Stop playing with that please, stop shouting, stop jumping on the couch, stop bugging me, stop fighting with your brother, stop bouncing your leg. If you have a hyperactive child, you may be familiar with these phrases. Children who are hyperactive are likely to be sleep deprived.
Children who don’t get enough sleep at night don't necessarily show signs of sleepiness during the day. Contrary to adults, children who don’t get enough sleep usually become hyperactive, distracted, irritable, and moody during the day. They also have increased risk of injury and their growth rate may be impaired. Sleep deprivation is common during childhood and may be misdiagnosed as attention-deficit hyperactivity disorder (ADHD). There is substantial body of research to suggest that children who have been diagnosed with ADHD are really just sleep-deprived. When children do not get enough sleep, their body responds by producing more cortisol and adrenaline ( hormones involved in the stress response) so they can stay awake. As a result, they will have more energy.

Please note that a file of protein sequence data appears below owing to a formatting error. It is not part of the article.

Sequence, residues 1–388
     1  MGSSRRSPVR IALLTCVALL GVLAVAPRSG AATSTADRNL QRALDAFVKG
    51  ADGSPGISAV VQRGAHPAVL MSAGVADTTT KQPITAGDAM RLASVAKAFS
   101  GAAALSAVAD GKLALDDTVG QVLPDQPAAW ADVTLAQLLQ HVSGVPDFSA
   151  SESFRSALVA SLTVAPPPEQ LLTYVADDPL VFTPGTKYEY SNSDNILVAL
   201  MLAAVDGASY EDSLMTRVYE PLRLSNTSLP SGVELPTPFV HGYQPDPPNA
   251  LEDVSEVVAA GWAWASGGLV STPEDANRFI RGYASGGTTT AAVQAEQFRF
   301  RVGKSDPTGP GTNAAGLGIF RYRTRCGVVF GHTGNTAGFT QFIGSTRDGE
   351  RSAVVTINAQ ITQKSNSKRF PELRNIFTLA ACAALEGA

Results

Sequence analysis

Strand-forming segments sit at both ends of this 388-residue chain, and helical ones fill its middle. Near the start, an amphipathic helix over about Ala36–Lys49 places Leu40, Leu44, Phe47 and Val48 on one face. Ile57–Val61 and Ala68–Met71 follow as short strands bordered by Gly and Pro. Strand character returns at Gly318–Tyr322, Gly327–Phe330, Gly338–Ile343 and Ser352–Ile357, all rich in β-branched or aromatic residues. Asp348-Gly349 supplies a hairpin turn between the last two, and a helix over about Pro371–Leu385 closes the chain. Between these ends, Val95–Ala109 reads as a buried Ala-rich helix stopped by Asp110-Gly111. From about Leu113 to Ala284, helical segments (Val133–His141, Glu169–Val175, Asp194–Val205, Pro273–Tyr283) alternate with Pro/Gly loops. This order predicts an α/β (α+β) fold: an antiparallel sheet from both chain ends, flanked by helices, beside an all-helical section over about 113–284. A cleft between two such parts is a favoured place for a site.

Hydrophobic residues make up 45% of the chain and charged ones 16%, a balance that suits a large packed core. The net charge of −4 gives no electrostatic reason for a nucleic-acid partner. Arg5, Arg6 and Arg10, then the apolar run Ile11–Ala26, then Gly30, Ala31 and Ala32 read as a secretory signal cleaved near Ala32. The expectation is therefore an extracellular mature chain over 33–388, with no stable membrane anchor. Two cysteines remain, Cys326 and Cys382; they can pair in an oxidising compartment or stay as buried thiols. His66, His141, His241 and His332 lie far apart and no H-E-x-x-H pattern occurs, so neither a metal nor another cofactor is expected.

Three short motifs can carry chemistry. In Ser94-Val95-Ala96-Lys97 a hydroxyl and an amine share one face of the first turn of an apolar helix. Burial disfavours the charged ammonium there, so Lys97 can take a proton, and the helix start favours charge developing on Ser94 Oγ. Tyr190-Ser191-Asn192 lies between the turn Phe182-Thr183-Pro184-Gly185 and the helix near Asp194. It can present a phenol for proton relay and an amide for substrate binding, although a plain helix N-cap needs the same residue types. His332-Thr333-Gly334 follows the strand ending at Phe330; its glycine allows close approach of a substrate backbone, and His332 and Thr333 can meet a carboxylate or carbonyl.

If you have a very hyperactive child, it makes sense to examine your child’s sleep schedule--even if he or she doesn’t show obvious signs of sleep deprivation.
Photo taken from verywellfamily.com